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The managing director of the Iceland supermarket chain, Richard Walker, also criticised the proposal for Mr Johnson and Mr Sunak to avoid self-isolation.

“Shame the hundreds of Iceland staff who’ve been pinged can’t avoid self-isolation. We can all do a daily lateral flow test,” he said.

The government said there were 20 public and private sector organisations involved in the pilot scheme, including Network Rail, Transport for London (TfL), Heathrow Airport and Border Force.

Heathrow said the programme had been an “important tool” that allowed it to keep the airport open, and was now calling on ministers to extend it beyond the end of July, when it is due to end.

But TfL said it was “still waiting for formal notification that we are part of this trial”. One London Underground line was forced to close on Saturday because too many staff had to self-isolate.

Stepping in for Mr Javid, Housing Secretary Robert Jenrick had defended the plan on the Andrew Marr Show.

“The scheme is a well known and long-standing one, it’s not just available for politicians,” he said. But he added that his own department was not part of the scheme.

Former Prime Minister Tony Blair said: “I don’t want the prime minister of the country to be in isolation at the moment. I need him, you know, at his desk doing his job.”

He said it was reasonable for Mr Johnson not to self-isolate, given his immunity thanks to vaccination and a previous infection, and the fact that he was being tested. “The point is to do this for everyone,” he said.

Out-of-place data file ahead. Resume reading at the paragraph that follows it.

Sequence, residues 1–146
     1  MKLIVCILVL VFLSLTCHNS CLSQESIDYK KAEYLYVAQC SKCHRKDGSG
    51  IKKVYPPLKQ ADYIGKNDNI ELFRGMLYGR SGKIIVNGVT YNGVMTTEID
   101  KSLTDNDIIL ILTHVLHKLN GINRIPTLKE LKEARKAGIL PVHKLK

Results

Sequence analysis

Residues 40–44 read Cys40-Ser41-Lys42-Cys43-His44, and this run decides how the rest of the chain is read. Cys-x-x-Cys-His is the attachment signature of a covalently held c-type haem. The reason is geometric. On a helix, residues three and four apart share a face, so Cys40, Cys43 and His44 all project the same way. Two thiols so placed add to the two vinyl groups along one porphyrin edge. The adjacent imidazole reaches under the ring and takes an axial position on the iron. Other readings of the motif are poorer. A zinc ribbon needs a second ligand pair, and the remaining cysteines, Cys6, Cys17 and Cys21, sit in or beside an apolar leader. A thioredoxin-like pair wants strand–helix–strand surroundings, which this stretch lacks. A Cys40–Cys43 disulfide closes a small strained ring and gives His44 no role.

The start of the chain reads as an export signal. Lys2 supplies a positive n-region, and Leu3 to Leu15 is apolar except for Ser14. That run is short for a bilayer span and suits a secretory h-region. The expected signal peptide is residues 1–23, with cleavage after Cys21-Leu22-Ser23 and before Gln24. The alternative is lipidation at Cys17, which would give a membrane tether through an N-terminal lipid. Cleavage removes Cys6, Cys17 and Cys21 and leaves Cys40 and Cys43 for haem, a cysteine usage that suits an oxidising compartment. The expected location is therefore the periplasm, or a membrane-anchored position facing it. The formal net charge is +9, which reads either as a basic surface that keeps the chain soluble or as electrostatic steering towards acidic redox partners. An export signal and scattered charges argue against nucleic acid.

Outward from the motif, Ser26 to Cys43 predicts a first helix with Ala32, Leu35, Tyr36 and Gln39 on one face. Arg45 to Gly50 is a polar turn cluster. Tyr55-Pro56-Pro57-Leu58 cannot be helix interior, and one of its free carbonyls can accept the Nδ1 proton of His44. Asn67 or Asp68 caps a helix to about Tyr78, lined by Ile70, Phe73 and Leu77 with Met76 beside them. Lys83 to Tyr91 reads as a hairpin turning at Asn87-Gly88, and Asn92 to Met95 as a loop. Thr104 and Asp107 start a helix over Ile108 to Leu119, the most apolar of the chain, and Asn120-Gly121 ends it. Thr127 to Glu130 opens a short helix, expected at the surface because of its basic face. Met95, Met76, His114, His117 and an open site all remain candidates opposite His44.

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Case numbers are continuing to rise ahead of the lifting of legal rules on social contact in England on Monday, but businesses have raised concerns about staff shortages due to the numbers of people being told to self-isolate.

The UK recorded a further 48,161 cases and 25 deaths within 28 days of a positive coronavirus test on Sunday. On both Friday and Saturday daily cases exceeded 50,000 – the first time this level has been reached since mid-January.

More than half a million alerts telling people to self-isolate were sent by the NHS Covid-19 app in England and Wales in the first week of July, with supermarkets saying they may have to cut opening hours or shut shops due to a lack of staff.

Absences from school have also surged, with 840,000 pupils self-isolating in the first week of July.

Mr Jenrick said self-isolation was “an important part of keeping the virus under control”, adding that a study had showed the NHS Covid app had prevented 600,000 infections and 8,000 deaths.

However, he said the government was ending self-isolation in England for entire school bubbles on Monday and from 16 August fully vaccinated people will not have to self-isolate if a close contact tests positive.

Mike Cherry, national chairman of The Federation of Small Businesses, said the government should now urgently review whether it should bring forward the changes to self-isolation.

“It could expand the pilot scheme that ministers currently enjoy to those at the front line of the economy,” he said.

Mr Javid is the latest in a series of government figures to test positive during the pandemic, including his predecessor Matt Hancock and Mr Johnson.

The health secretary said on Twitter that he had felt “a bit groggy” on Friday and took a rapid lateral flow test the following morning, which was later confirmed with a PCR test.

In addition to the meeting at Downing Street, Mr Javid had been working from his office at the Department of Health and Social Care in Whitehall last week and was in the Commons chamber three times.

He is also known to have visited a care home in south London on Tuesday. Aashna House in Streatham has a 100% vaccination rate among staff and residents, however.